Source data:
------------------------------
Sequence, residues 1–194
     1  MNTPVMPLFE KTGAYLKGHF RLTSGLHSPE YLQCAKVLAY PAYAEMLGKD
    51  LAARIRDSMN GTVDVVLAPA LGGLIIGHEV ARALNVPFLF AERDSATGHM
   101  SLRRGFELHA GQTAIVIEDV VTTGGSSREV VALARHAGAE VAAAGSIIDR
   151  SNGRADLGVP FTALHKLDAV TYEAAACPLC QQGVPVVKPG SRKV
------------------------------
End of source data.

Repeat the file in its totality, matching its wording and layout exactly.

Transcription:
Sequence, residues 1–194
     1  MNTPVMPLFE KTGAYLKGHF RLTSGLHSPE YLQCAKVLAY PAYAEMLGKD
    51  LAARIRDSMN GTVDVVLAPA LGGLIIGHEV ARALNVPFLF AERDSATGHM
   101  SLRRGFELHA GQTAIVIEDV VTTGGSSREV VALARHAGAE VAAAGSIIDR
   151  SNGRADLGVP FTALHKLDAV TYEAAACPLC QQGVPVVKPG SRKV